Flipping through late night shows since Donald Trump announced his plans to run for the position of President of the United States on June 16, 2015 usually guarantees several gags, skits, and satirical monologues about Donald Trump. Members of the news media and entertainment media industries have been outspoken about the campaign, election, and all political happenings since his inauguration in January 2017.
As a professional entertainer, Donald Trump generally took jokes made about him reasonably well. Trump even went as far as to participate in a Comedy Central Roast and was surprisingly graceful throughout. However, after winning the election, Donald Trump’s tolerance for humorous jokes made about him significantly decreased. Today, comedy stars from Alec Baldwin to Stephen Colbert are finding themselves to be the subjects of Trump’s late night and early morning Twitter rants. Donald Trump has even gone as far as to call for shows to be cancelled and individuals to be dismissed from their jobs.
Trump’s sudden change of opinion on comedy inspired by him calls attention to the strained relationship between the media and the presidency. The news media and artistic expressions of politics have been around since the beginning of organized government and they both play very important roles within society. The news media often holds the presidency accountable to their actions, comedians keep the public informed about political events – especially those who are not already predisposed to such news – and finally, artists use their mediums in order to relay important messages to the public about policy and the like. The roles that members of news and entertainment media are particularly important for Americans during the election cycle, and in President Trump’s case throughout the rest of the political term.
While politically charged art and political satire do play a very important role in American politics, there is something to be said about where the line between a joke or expression and outright inappropriate insinuations is drawn. In particular, Kathy Griffin’s photo shoot involving her holding the decapitated head of President Trump acts as an excellent example. Griffin’s photo shocked the internet, and proponents of both sides of the aisle were grossly offended by Kathy Griffin’s photo. While the photo was cruel and a little extreme, it is equally important to ensure that the First Amendment is not reconciled to accommodate the president, just as the First Amendment is not accommodated to protect victims of hate-speech. The Supreme Court had a similar ruling, claiming the photo was not a threat to the president. And as such, Griffin’s photo was determined to be protected under First Amendment rights.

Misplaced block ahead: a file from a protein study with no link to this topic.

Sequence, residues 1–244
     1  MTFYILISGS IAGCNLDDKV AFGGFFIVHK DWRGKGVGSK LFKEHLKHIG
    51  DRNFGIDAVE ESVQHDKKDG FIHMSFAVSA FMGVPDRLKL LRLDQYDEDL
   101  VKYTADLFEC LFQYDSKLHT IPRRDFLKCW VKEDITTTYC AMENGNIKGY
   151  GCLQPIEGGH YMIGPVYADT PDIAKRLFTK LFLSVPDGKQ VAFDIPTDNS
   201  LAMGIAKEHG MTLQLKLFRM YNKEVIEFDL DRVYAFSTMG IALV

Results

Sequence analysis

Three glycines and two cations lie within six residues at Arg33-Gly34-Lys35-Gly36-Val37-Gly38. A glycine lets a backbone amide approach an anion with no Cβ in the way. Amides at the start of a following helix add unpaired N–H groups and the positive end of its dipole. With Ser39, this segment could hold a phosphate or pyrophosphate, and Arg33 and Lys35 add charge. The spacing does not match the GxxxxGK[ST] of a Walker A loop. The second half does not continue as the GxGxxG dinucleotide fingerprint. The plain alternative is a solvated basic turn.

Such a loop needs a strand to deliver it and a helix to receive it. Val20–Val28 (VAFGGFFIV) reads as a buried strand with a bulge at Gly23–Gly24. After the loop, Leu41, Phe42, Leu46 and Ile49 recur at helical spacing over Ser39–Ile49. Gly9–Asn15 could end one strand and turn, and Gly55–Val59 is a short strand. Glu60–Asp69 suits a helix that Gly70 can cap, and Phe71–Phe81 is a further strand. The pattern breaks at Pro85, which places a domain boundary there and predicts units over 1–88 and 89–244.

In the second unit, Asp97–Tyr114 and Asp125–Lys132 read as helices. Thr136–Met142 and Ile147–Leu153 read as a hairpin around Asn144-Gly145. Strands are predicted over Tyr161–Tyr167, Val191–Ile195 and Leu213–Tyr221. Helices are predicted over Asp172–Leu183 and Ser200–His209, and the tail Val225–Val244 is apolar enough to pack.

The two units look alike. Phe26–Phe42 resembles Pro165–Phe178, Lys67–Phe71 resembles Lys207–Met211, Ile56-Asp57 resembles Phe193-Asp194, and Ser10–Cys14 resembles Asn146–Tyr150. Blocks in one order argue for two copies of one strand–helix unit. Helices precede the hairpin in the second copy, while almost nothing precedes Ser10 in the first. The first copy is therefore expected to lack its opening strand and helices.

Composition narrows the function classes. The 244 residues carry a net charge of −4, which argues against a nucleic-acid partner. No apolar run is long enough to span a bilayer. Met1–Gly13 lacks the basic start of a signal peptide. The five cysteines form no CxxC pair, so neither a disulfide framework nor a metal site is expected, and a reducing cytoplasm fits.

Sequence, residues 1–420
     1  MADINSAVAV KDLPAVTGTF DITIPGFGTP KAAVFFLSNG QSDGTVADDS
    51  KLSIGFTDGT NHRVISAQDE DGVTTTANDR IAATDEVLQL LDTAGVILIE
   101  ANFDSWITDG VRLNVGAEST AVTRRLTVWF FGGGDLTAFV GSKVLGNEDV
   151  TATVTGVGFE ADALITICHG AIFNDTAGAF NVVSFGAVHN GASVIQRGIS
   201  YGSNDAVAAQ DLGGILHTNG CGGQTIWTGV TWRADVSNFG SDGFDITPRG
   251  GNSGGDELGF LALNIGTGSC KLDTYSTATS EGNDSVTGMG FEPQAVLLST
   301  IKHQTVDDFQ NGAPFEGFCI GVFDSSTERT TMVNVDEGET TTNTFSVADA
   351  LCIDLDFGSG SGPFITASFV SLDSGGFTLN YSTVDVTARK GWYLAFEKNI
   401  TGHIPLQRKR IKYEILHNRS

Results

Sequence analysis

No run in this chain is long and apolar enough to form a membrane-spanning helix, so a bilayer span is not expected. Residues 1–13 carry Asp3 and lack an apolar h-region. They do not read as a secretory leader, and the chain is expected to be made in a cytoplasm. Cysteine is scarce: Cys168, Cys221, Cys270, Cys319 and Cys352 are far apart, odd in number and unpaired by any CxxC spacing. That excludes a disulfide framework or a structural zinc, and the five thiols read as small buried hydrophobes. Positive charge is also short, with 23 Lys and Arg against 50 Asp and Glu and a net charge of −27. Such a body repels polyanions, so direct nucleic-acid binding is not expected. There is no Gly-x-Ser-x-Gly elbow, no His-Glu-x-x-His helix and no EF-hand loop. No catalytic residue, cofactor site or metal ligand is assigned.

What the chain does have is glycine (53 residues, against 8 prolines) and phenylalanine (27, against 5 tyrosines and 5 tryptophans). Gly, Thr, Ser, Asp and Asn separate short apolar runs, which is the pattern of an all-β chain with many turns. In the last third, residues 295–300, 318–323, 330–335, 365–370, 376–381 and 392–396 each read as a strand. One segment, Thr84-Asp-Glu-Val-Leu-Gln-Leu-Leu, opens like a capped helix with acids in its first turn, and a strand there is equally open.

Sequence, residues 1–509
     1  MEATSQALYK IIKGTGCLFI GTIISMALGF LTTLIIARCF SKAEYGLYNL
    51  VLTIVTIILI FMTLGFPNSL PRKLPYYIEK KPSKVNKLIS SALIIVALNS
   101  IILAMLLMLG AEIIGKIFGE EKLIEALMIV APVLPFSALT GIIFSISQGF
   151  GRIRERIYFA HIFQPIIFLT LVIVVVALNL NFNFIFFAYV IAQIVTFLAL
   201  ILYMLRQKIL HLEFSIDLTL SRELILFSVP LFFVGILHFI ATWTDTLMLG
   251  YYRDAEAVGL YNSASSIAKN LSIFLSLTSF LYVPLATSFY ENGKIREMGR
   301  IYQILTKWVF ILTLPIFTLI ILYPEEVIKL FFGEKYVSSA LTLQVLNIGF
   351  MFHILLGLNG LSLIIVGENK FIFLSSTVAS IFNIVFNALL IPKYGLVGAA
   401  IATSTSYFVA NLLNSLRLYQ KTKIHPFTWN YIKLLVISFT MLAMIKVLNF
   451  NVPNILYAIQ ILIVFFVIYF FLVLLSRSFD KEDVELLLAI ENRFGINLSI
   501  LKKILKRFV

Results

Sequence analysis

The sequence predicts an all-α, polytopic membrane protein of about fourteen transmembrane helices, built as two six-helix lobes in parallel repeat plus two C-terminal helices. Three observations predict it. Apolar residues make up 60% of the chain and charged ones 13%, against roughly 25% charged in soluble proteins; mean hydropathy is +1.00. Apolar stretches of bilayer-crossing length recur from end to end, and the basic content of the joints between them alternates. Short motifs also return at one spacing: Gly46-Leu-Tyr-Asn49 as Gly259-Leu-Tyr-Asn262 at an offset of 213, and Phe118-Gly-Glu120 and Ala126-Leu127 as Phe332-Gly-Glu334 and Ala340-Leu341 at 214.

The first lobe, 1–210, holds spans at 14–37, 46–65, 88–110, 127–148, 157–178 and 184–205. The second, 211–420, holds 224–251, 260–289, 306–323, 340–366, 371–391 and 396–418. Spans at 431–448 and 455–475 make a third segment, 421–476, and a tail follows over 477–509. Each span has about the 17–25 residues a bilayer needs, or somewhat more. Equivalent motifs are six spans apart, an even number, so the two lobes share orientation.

Similarly, there was another form of artistic expression that inspired outcry from President Trump’s base. The Public Theater in New York City held a production of Julius Caesar for a Shakespeare in the Park event. In this production of the play, a Trump look-a-like Julius Caesar was depicted being brutally stabbed. The production outraged many people, including Trump supporters and advertisers such as American Express, who released a statement claiming that they do not support the Public Theater’s production or their interpretation of the play. Some have come out to argue that the play’s important message against violence towards the president was missed entirely. Regardless of how shocking the play was, censorship of this production would also violate the First Amendment.
The First Amendment rights have been a contentious issue since Trump’s inauguration, his attacks on the news media, and his claims of fake news. In America, there has historically been an adverse relationship between the Presidency and the news media. Of course, the level of contempt has varied between presidents, but the fact remains that there will always be a relationship of this nature. In other words, we cannot expect the President to have a positive attitude about an industry whose primary task in society is to hold him accountable. However, the level of contempt during the Trump era and the President’s outspoken opinion of the media is unprecedented.
Although there has been a history of negative relationships between presidents and the news media and entertainment media, never before has a president launched personal attacks against reporters. Donald Trump has personally insulted several reporters who have simply reported on his actions, and he has called for comedy shows to be cancelled after airing monologues and skits that mock him. One of his most recent attacks against the media has consisted of crude insults toward the co-hosts of MSNBC’s Morning Joe. The tweets included an implication that Mika Brzezinski had had plastic surgery and a low I.Q., as well as referring to Joe Scarborough as a psycho.
This behaviour is concerning. Not only is it wildly inappropriate for a president to be speaking about any person like that, but attacking news reporters and artists simply because they share a different opinion than him is wrong. There is no question about it; the president needs to understand that the news and entertainment media has the right to express themselves as they please and should not be publicly attacked for doing so.
It’s terrifying to imagine an America that might have a future in imprisoning reporters and artists for sharing differing opinions. And if the President carries on his war against the media and fake news, this is exactly where the United States of America is heading.
By Stephanie Yaacoub
Please note that opinions expressed are the author’s own. They do not necessarily reflect the views and values of The Blank Page.